By Juhi Bansal

Let me begin with a disclaimer: it’s not how I want you to plan your Jordan trip at all. Infact, whenever you do, I urge you to plan a longer vacation in this beautiful country. For us, the trigger was simply the fact that we were so close to the border, especially to Petra that we couldn’t not do this. So, only if you’re in a situation like ours or have a long layover, check out a list of things you should do when in Jordan for the weekend.

We drove to the Arava border from Eilat in a mini bus full of tourists. Here are some things to keep in mind.


Indian passports are eligible for a visa on arrival in Jordan. However, if you’re travelling from Israel (like us), please make sure you have a multiple/ double entry visa to Israel if you plan to fly back from Tel Aviv.

Border crossing & charges

Border crossing is fairly easy. The Jordanian staff makes you feel extremely comfortable. However, don’t take their friendliness for lax attitude. They are extremely watchful of miscreants and the immigration process may take several minutes to an hour.

The border fee is USD 65 and the visa on arrival fee is USD 60 per person.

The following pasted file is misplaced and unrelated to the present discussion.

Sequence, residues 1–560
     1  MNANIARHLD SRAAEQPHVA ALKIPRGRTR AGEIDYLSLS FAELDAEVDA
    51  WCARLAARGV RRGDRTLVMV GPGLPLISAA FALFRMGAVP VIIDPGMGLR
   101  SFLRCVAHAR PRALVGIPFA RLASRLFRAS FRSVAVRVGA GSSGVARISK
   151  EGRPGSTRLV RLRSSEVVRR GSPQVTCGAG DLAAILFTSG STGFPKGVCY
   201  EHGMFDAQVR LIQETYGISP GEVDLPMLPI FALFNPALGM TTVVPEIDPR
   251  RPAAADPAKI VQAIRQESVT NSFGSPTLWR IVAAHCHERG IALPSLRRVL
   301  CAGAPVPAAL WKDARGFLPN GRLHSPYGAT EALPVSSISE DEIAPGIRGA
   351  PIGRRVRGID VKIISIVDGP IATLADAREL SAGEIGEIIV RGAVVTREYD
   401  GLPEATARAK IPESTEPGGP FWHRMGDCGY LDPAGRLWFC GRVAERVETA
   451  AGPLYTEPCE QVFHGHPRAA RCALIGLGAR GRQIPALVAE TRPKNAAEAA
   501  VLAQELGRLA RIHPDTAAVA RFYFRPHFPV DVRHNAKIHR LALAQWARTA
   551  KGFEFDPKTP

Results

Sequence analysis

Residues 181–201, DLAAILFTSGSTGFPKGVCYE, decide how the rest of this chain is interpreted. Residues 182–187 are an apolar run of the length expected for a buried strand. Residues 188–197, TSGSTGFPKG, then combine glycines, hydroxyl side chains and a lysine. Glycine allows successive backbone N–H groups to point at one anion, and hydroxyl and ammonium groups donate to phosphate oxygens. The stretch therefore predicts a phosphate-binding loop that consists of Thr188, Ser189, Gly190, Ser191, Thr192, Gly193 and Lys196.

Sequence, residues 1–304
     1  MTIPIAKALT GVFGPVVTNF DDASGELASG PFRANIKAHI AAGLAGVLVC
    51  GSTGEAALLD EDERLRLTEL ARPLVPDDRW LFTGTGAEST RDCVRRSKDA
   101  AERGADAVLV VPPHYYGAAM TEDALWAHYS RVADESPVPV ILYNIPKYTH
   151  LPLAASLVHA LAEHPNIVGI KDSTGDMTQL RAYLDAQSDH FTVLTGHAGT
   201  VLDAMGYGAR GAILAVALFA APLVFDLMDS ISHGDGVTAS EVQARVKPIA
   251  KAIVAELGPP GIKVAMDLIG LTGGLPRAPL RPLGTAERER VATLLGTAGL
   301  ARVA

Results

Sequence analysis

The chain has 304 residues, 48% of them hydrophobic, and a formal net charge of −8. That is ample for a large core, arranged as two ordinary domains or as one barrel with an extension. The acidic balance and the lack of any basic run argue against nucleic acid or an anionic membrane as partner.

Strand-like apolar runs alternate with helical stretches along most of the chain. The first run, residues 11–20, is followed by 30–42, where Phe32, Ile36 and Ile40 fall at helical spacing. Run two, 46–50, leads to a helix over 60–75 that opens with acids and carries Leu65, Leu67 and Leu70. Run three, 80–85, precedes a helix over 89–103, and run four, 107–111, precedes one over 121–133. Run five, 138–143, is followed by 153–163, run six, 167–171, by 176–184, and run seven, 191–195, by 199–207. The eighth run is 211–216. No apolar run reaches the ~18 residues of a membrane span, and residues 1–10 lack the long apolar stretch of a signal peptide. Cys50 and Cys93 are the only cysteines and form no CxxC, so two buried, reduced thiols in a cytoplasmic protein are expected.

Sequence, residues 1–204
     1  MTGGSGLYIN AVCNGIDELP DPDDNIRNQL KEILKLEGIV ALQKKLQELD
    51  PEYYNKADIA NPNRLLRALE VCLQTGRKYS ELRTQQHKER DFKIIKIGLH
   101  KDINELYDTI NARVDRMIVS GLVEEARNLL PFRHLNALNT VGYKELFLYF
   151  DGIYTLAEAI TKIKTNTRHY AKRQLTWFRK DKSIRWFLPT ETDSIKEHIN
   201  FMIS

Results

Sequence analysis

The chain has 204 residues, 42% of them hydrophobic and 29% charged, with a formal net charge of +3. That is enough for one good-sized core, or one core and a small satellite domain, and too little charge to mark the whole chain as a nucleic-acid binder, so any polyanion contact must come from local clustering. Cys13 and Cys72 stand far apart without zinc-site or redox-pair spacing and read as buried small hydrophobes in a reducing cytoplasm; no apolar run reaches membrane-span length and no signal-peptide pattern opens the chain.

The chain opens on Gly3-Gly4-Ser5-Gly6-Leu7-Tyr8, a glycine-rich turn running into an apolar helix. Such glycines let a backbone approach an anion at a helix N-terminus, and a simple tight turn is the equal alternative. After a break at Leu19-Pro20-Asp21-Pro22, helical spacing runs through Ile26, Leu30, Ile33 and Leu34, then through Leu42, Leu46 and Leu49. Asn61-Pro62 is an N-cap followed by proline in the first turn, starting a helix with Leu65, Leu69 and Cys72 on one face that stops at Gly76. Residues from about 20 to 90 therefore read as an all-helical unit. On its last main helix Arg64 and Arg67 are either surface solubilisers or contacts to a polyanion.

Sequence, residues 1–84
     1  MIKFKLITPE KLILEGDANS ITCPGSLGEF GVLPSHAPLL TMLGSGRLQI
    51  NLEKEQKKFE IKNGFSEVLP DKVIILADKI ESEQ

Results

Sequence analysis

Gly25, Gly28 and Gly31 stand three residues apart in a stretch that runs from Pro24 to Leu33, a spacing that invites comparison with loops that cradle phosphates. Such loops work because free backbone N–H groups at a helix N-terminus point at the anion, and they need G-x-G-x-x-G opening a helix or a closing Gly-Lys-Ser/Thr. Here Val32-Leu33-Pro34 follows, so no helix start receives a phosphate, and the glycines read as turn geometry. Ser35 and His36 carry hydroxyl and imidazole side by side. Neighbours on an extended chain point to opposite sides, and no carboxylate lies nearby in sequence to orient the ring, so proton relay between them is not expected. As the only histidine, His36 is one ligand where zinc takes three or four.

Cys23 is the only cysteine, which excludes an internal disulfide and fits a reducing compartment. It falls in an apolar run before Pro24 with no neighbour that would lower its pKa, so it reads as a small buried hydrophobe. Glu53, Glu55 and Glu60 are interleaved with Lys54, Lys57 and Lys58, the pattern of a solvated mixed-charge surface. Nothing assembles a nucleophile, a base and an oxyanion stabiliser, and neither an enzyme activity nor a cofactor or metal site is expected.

Just about anything short of a bikini works. The guidelines by tour companies say modest clothing but all my co-travellers wore what they would wear anywhere else and no one batted an eyelid. I of course took the advice too seriously 😉


Suggested Itinerary


Oh by the way- Petra is our sixth “seven wonders of the new world”!

Start with Petra of course. While it does not need an introduction, here’s a little bit about one of the seven wonders of the new world. Petra is believed to have been settled as early as 9,000 BC and believe me when I say this. It IS magical! From the moment you enter the lost city you’re lost in its grandeur. How can something man-made (that too several thousand years ago) be so meticulously planned and executed! The only other place that gave me this feeling was “Machu Picchu”.

Petra is about a 2 hour drive from the border. While it is largely barren land on the way, you do see some beautiful views of the “wadi” every now and then.